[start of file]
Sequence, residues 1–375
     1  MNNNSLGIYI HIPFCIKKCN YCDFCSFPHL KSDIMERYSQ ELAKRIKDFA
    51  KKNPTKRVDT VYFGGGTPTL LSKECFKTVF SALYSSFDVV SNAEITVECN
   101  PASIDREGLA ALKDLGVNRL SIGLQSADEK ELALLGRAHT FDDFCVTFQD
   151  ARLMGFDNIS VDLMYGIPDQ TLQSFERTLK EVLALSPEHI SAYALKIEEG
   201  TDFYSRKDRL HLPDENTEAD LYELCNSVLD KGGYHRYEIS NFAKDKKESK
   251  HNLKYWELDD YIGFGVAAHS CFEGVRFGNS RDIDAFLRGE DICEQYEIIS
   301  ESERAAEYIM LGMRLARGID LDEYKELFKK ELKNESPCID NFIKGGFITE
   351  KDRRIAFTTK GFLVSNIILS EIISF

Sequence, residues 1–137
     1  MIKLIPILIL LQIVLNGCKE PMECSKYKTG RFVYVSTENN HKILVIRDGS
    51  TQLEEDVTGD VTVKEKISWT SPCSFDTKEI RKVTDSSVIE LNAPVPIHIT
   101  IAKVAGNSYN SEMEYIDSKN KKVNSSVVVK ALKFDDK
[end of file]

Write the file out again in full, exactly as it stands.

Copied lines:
Sequence, residues 1–375
     1  MNNNSLGIYI HIPFCIKKCN YCDFCSFPHL KSDIMERYSQ ELAKRIKDFA
    51  KKNPTKRVDT VYFGGGTPTL LSKECFKTVF SALYSSFDVV SNAEITVECN
   101  PASIDREGLA ALKDLGVNRL SIGLQSADEK ELALLGRAHT FDDFCVTFQD
   151  ARLMGFDNIS VDLMYGIPDQ TLQSFERTLK EVLALSPEHI SAYALKIEEG
   201  TDFYSRKDRL HLPDENTEAD LYELCNSVLD KGGYHRYEIS NFAKDKKESK
   251  HNLKYWELDD YIGFGVAAHS CFEGVRFGNS RDIDAFLRGE DICEQYEIIS
   301  ESERAAEYIM LGMRLARGID LDEYKELFKK ELKNESPCID NFIKGGFITE
   351  KDRRIAFTTK GFLVSNIILS EIISF

Sequence, residues 1–137
     1  MIKLIPILIL LQIVLNGCKE PMECSKYKTG RFVYVSTENN HKILVIRDGS
    51  TQLEEDVTGD VTVKEKISWT SPCSFDTKEI RKVTDSSVIE LNAPVPIHIT
   101  IAKVAGNSYN SEMEYIDSKN KKVNSSVVVK ALKFDDK